Even in respect of these specified services, VAT is not attracted when the service is rendered by a member of the group to other members, from its own resources.
The services specified for the reverse charge are listed in Schedule 5 to the VAT Act 1994. The justification for allowing group registration is that a company may carry on a variety of activities in separate divisions. Transfer of goods/ services between divisions is not liable to VAT since the taxable entity is the company and credit of input tax credit and liability to VAT is reckoned for the company as a whole.
It may happen that the same business instead of being organised as divisions may be operated as individually registered companies. It may happen that one of the companies in the group may be VAT exempt or be unable to recover its VAT in full. Such a contingency would not have arisen if the activity had been organised in divisions.
Realising that where resources are optimised by organising the activity as different companies instead of as divisions of a single company, the group registration facility for VAT purposes has been recognised. Such group registration is allowed in several other countries.
While the issue of group registration under VAT and its relevance in the Indian context may be taken up for consideration at a later point of time, the pertinent point is that there is a need for exemption for supply of service between group companies.
Quite often there is a need to establish a different company because of the collaborator or product being different. By providing shared services to group companies the resources are optimised and wasteful expenditure is avoided. These activities relate to the operations undertaken for reduction of cost and not with the intention to earn income out of such activities.
There is, therefore, an immediate need to specifically exempt supply of taxable service between group companies, at least those services that are rendered from own resources and are not outsourced. The exemption may be allowed only when rendered on a cost-sharing basis subject to submission of documentary proof.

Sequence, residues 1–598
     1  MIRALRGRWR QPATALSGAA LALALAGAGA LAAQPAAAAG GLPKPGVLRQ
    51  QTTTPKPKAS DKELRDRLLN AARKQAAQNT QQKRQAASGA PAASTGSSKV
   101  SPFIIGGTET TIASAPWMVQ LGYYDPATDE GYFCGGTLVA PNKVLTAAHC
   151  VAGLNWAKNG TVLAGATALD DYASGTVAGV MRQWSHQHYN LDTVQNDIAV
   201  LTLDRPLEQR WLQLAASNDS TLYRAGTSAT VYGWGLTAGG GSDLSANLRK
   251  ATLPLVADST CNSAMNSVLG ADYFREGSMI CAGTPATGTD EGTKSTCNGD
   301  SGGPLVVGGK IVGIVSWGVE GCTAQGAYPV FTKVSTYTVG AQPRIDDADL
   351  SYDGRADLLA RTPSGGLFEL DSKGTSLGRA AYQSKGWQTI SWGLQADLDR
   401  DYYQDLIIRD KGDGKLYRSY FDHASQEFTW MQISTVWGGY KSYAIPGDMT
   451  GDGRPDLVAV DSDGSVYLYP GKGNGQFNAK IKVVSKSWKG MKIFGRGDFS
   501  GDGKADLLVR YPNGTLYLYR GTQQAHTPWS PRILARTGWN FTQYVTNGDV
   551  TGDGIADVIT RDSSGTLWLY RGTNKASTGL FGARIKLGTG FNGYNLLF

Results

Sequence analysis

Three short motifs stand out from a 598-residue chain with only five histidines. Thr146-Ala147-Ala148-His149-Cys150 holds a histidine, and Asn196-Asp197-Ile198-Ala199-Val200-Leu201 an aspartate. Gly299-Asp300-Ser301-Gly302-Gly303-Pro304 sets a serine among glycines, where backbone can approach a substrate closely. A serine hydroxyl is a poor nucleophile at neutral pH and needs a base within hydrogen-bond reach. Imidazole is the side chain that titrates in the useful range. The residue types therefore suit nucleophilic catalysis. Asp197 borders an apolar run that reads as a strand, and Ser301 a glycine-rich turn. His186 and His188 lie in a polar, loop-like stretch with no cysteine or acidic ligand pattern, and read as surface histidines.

Two rates of tax
Another issue that merits attention is the high burden of tax on small service providers and consequent low level of voluntary compliance.
One of the reasons stated in the 2003-04 Budget for the steep increase of 60 per cent in the rate of tax from 5 per cent to 8 per cent was that the facility of input tax credit has been made available. Since there is no basic threshold limit there are several small taxpayers for whom there may not be any appreciable input tax credit.
The record keeping for small assessees would be cumbersome and there is a possibility of denial of credit due to technical lapses.
Till a basic threshold limit is introduced, the assessee should be given the option to pay tax at 5 per cent without input tax credit or pay tax at 8 per cent with input tax credit. The lower rate will ensure better tax compliance by smaller assessees.
It is common knowledge that reimbursement of expense incurred in the rendering of services does not result in any economic benefit to the service provider. These are expenses that the service receiver could have also incurred directly. There is no justification for levy of service tax when incurred by the service provider and claimed from the service receiver.
At present, exemption to reimbursement of expenses is provided selectively to certain services by circulars. The exemption for reimbursement of expenses should be made available for all services, by specifying in the legislation/Rules, subject, of course, to submission of documentary proof.
(The author is a Madurai-based chartered accountant.)